The World Resources Institute has aligned its Aqueduct Water Risk Atlas with the Carbon Disclosure Project’s 2013 Water Disclosure Questionnaire in a bid to improve business’ measurement and reporting of exposure to water-related risks.
An increasing number of companies are experiencing detrimental water-related business impacts, including operational or supply chain disruptions and property damage from flooding, to name a few. In 2011, these impacts cost some companies up to $200 million, WRI says.
As a result, the movement toward increased corporate water disclosure is gaining speed. The deadline for companies to respond to the CDP 2013 Water Disclosure Questionnaire is six weeks away. So far, more than 500 investor signatories, representing more than $57 trillion in assets, have backed the questionnaire and requested that companies disclose critical, water-related information, WRI says. WRI hopes that streamlining the two products will help businesses fill out the questionnaire and increase participation.
The Aqueduct Water Risk Atlas is a publicly available tool with up-to-date information on global water risks. Companies can use this information to evaluate the most prominent water quantity, water quality, regulatory and reputational risks threatening their assets or suppliers. Aqueduct’s three-step process provides companies with detailed information on water-related risks for each of its locations and suppliers worldwide. This information can be used for putting water use throughout the company into context, managing the associated water-related risks, and responding with water stewardship practices, WRI says.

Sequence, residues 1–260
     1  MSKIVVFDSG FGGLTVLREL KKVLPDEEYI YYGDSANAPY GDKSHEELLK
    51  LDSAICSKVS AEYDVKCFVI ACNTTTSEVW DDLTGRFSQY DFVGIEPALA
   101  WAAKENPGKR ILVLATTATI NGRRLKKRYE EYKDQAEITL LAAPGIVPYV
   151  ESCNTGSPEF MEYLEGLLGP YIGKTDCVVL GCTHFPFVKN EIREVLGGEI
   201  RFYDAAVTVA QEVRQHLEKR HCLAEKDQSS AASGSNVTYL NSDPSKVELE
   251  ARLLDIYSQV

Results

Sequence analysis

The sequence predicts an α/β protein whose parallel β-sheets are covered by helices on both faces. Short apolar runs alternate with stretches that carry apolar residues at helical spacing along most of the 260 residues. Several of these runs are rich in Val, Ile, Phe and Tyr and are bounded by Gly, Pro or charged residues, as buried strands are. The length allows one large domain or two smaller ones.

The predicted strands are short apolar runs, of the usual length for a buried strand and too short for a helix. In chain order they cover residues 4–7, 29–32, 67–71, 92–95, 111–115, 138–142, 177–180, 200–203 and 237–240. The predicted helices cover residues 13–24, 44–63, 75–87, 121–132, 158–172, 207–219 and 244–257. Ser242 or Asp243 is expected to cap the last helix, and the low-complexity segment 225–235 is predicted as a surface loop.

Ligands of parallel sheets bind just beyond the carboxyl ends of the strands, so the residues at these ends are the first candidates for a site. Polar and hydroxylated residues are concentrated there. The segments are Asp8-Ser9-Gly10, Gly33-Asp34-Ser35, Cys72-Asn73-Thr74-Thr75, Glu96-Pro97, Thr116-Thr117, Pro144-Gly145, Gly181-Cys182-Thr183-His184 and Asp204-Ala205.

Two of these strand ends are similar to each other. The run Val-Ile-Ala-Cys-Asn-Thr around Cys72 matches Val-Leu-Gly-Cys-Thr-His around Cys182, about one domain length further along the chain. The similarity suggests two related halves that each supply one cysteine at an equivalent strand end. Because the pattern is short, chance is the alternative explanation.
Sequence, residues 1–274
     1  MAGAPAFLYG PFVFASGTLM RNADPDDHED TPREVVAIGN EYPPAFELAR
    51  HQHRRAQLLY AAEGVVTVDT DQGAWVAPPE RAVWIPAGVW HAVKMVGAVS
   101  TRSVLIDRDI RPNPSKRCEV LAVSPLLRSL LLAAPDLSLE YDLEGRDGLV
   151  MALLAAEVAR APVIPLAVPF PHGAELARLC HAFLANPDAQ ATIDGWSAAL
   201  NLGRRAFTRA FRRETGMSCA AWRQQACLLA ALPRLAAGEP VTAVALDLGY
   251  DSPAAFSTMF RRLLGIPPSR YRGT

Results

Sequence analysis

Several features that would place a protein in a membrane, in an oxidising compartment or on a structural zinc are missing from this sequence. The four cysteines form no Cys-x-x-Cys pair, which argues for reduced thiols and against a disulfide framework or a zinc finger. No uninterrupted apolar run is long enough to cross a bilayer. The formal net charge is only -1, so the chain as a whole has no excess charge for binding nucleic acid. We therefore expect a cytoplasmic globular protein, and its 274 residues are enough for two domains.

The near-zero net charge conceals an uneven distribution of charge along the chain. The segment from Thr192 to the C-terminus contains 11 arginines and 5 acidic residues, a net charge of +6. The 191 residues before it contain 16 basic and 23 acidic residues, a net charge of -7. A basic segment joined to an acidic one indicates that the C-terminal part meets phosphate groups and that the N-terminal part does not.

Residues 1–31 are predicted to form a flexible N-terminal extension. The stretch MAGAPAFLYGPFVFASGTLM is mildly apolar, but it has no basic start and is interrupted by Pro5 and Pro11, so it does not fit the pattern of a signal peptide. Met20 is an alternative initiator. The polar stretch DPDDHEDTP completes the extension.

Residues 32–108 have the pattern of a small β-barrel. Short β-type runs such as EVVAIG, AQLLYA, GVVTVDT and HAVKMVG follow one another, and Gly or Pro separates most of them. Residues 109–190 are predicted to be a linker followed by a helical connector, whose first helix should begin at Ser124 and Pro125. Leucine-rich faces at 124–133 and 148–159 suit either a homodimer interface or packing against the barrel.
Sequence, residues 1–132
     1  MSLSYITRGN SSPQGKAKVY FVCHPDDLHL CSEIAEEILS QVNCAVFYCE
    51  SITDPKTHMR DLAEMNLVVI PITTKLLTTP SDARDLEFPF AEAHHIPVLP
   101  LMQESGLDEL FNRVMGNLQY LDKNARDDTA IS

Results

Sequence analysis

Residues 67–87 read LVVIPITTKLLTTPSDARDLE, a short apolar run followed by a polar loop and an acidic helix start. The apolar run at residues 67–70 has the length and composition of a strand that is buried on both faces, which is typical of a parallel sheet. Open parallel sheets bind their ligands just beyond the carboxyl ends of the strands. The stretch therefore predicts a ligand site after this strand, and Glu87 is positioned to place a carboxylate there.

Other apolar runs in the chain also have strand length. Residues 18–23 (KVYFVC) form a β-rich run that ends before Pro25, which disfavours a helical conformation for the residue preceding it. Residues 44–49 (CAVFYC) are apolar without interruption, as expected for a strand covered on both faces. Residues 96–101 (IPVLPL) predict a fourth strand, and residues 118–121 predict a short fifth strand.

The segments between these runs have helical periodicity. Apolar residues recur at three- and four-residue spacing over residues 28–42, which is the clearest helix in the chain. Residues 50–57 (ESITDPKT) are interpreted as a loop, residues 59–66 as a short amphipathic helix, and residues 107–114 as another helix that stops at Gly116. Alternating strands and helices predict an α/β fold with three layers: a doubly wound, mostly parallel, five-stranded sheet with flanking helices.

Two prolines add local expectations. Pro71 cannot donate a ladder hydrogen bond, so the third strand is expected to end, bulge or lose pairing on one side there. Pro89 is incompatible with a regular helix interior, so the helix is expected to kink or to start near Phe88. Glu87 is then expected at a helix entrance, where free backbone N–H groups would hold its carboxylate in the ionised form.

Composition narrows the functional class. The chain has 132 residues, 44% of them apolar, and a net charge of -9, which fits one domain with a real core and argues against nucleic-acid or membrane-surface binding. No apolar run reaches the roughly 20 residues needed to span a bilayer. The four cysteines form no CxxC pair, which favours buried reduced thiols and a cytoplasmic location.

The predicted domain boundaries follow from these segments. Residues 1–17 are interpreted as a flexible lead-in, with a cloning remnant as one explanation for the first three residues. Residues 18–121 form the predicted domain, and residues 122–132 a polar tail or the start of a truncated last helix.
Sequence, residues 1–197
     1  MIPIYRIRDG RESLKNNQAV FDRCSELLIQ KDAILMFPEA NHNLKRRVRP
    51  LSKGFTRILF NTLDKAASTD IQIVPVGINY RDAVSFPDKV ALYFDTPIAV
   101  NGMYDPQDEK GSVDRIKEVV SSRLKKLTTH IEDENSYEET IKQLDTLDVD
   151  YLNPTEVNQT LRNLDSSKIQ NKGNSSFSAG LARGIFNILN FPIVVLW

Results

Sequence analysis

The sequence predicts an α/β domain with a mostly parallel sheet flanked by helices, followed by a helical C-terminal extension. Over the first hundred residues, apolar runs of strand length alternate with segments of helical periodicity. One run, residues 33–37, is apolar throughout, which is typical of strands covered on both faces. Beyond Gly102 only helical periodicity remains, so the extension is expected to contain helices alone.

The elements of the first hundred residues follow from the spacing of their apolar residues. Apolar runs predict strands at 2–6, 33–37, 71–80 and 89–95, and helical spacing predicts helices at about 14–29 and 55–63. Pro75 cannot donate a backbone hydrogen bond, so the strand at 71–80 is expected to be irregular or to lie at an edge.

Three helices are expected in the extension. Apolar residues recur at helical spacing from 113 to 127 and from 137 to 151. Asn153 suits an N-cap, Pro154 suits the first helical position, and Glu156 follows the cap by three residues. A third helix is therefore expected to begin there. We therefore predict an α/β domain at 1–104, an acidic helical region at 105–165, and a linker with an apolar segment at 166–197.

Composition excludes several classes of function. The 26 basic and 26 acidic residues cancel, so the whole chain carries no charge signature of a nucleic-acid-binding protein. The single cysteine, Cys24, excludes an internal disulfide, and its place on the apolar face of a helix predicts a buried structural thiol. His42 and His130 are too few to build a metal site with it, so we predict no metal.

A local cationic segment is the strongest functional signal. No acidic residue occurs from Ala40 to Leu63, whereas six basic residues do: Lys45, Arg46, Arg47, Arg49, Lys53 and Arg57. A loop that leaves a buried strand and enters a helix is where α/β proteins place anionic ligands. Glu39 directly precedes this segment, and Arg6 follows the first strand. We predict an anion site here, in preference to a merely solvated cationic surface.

WRI, in association with companies including GE, Shell, Dow, United Technologies and DuPont, launched the atlas in January.
The information in the atlas can help businesses answer numerous questions on the CDP Water Disclosure Questionnaire. Earlier in the month, the two parties hosted a webinar that detailed step-by-step instructions on how to use the atlas the measure a company’s water risk.